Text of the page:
5. Lens choice
Your choice of lens creates a huge impact on your portrait photos. For photos with visual results a wide-angle lens should be considered. Taking photos from angles which are low, will make your subject taller than they are. This is an amazing technique for fooling eyes and distorting the perspective of objects and people.
However, take care and avoid going too close, as you might visualize some changes, which may not be flattering at all!
6. Use the light, to your advantage
There are some techniques that you can try to create most of the light available. While using natural light, always carry a reflector with you. It can be more essential for portraits as much of the light can be reflected, usually light streaming in from the sides onto the subject’s face, illustrating their key features clearly and requiring them to look towards the sun. On good bright days, it’s also important to try some backlit shots, with the sun behind the subject.
7. Move in and Out and Get Down on their Level
A focal range of 24–70mm zoom is preferred during female portrait photography. At that widest setting of 24mm, this zoom permits you to capture much of the environment surrounding your subject. For an intimate portrait, choose a larger focal length of around 70mm.
Even while shooting with a prime lens, move in and out as you shoot, zooming with your feet rather than the lens.
8. Decide what the shoot is for
Before you even think of picking your camera, first consider the type of shoot you’re going to use. Understand the purpose of shooting. It may be a female actress’ or business lady headshot, a fashion shoot, family female portrait, for online promotion or pal’s portrait. Be careful about the setting and style of the shoot basing on its purpose. Will you require extra garments, make-up and styling period? Is it a surrounding portrait, indicating a familiar setting at job or at home?
Once you realize the aim of the shoot, you will get it easy to select a suitable location. Clearly identify what may fit the style of the shoot, such as a scenic location with more space, byan ocean, mountain, lake or forest. You may need to represent your subject, in a busy city, traffic and crowds. There’s also the choice of using a room indoors.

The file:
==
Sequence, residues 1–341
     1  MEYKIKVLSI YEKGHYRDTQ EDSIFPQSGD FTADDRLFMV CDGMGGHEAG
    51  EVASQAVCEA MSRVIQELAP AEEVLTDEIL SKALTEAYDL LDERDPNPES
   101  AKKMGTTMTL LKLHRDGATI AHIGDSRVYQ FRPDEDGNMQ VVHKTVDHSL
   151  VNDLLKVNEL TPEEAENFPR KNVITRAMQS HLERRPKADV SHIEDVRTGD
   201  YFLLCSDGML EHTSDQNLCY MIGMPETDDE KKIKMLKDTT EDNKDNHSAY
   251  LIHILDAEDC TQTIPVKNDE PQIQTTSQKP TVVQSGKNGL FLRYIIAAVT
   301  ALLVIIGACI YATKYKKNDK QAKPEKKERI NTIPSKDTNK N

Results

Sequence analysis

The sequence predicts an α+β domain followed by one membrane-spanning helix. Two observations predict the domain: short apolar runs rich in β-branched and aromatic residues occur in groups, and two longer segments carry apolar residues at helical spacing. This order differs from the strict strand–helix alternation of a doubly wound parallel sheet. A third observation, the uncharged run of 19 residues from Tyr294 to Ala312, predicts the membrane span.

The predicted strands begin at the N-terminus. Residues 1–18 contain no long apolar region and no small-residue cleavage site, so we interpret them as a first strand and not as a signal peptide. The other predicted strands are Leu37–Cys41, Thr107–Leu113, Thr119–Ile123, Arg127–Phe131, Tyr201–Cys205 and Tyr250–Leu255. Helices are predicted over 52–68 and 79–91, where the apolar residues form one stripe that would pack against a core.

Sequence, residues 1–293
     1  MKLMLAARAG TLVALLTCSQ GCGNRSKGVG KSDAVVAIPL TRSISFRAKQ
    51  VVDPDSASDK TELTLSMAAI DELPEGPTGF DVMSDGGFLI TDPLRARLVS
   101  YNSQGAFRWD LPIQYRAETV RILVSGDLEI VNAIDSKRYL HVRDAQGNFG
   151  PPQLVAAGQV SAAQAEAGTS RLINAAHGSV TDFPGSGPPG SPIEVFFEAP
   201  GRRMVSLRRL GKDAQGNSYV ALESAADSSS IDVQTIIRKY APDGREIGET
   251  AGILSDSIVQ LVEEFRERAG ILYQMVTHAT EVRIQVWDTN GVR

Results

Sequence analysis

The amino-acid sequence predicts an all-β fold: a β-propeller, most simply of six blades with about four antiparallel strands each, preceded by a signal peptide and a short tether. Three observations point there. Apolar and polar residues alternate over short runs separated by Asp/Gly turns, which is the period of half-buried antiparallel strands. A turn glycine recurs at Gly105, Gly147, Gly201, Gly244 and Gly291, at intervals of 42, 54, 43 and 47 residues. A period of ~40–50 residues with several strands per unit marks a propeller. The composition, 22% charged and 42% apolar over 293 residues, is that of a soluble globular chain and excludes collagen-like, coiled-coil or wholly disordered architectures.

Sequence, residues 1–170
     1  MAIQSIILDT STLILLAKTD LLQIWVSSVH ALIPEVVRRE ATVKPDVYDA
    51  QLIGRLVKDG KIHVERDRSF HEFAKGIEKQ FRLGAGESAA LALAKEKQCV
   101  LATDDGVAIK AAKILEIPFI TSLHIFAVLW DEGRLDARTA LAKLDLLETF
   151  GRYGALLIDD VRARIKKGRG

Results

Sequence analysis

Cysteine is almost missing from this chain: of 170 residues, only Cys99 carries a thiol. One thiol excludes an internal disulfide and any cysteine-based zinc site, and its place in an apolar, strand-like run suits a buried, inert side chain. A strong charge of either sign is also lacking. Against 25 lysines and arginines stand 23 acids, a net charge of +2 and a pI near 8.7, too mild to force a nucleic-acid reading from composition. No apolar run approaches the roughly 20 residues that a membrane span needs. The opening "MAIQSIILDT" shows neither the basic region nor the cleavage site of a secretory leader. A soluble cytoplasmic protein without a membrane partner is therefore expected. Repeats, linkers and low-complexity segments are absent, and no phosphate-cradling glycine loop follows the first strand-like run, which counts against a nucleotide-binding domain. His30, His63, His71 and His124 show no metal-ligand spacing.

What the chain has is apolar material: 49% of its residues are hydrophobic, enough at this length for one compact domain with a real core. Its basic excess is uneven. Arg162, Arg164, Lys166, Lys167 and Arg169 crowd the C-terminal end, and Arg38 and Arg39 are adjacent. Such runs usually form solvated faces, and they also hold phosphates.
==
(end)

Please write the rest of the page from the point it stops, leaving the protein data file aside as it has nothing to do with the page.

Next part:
Large rooms are usually brighter since they have more windows and hence not confined. Smaller rooms will fit a shot that needs more shade and a somber
mood. Remember to use the structures surrounding you, particularly doorways, indoors, windows, staircases and pillars can all be applied for essential
structural support in your image.
10. Communication is key
It’s essential that you communicate with your subject.
Ensure you create a rapport with them before you start the shoot. Hold conversations aiming to the shoot to discuss ideas and to make sure that all the subject have the same understanding of what ought to be achieved.
When you’re on the shoot, never expect your subject to be able to read your mind. They may not realize how you need them to pose or where you
require them to look until you communicate it. If you’re striving to direct the poses you want your subject to make, give them sample poses yourself. Many
practical postures will help, although know that many professional females may not appreciate being directed on how to do their task! Make an assumption that you are working hard and finally take breaks.